A few weeks ago at Prospectus, I looked how many left-handed and switch-hitting batters are projected to start for each team across the divisions. Perhaps unsurprisingly, the American League East had the highest percentage of non-righty batters. This means right-handed pitchers incapable of getting lefties out should not start or have roles wherein they are asked to pitch to multiple lefties in close situations. Employing a defined closer means running the dude out for the ninth inning in close games (but only three runs or fewer, four and it’s not a save situation and a totally different ballgame) and having him pitch to the opposition regardless of the platoon split involved.
Combine those two thoughts and you can see where this is heading. Joel Peralta has utility. He’s skilled at retiring righties, but his career numbers against lefties are woeful (.271/.345/.525). Now, maybe he discovered the trick to getting them out last season (.212/.278/.318), but there’s no guarantee and no reason to assume last season is the appropriate baseline from which to work. For now, Peralta should be used mostly against righties, if not to the extremes of Dan Wheeler (although, if his career holds true, then yeah, he should never see a righty in a moderate-to-high leverage spot if at all avoidable).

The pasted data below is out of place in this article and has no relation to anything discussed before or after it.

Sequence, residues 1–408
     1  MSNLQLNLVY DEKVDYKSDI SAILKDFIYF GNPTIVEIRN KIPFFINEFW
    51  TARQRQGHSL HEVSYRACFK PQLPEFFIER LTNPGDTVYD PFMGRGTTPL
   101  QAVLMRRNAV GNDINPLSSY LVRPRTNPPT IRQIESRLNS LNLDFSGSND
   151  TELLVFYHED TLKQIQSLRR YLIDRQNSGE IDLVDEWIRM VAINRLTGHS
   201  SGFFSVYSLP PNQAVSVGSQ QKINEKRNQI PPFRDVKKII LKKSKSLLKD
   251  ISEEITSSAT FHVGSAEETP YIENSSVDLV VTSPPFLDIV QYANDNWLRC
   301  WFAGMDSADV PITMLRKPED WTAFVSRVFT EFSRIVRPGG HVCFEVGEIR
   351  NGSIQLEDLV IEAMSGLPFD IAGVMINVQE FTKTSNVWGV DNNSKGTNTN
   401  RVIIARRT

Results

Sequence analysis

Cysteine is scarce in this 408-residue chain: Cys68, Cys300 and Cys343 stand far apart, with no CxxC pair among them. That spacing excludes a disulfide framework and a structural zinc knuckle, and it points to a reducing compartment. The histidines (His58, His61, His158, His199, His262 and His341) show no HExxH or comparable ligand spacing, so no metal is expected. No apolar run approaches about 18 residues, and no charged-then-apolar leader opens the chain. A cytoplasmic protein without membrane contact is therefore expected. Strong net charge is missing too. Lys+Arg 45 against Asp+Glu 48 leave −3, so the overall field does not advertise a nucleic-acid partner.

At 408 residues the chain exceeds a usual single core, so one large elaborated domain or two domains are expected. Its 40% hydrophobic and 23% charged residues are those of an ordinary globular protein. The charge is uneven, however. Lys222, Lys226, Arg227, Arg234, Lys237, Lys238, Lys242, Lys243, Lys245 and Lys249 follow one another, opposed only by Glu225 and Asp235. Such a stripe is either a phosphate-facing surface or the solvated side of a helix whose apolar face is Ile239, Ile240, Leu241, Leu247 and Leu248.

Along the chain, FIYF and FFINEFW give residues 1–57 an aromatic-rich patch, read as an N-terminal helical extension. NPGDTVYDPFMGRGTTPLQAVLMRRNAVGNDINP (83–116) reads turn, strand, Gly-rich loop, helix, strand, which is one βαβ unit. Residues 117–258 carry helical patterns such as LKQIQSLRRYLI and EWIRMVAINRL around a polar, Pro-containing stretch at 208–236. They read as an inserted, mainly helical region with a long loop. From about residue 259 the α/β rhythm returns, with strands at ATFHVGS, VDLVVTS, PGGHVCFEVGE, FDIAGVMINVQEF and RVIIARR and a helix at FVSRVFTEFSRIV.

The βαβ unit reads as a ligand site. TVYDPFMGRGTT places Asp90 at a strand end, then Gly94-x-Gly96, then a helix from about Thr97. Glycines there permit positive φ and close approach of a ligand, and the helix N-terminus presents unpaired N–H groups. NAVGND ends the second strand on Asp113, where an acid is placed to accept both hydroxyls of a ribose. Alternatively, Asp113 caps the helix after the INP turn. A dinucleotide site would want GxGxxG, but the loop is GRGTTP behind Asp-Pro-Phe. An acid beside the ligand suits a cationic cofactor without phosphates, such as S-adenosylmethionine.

Joe Maddon cannot control who faces Peralta, but he should have an idea based on the upcoming batters. Dustin Pedroia and Derek Jeter are unlikely to be pinch hit for, but opportune matchups like Mike Cameron will be flipped into undesirable faceoffs with J.D. Drew, Jacoby Ellsbury, or whichever left-handed batter is sitting in favor of Cameron. Flexibility and foresight is king when it comes to lineup decisions, so just as Maddon keeps one eye on the present and one eye on the future while his team bats, he too must take this approach while his team pitches.
For those reasons, Peralta is a horrible choice as a fulltime closer or eighth inning guy or just about any designated role that is oblivious to the context of which batters are due up. Ultimately, reasons like this are why designated roles are overrated. The comfort they provide to the pitchers is equally felt by tactical-savvy managers capable of turning the tables in a blink of the eye against non-elite relievers. Everyone is so concerned about who gets the saves that keeping the lead is taken for granted.
(H/t to Sternfan for the inspiration)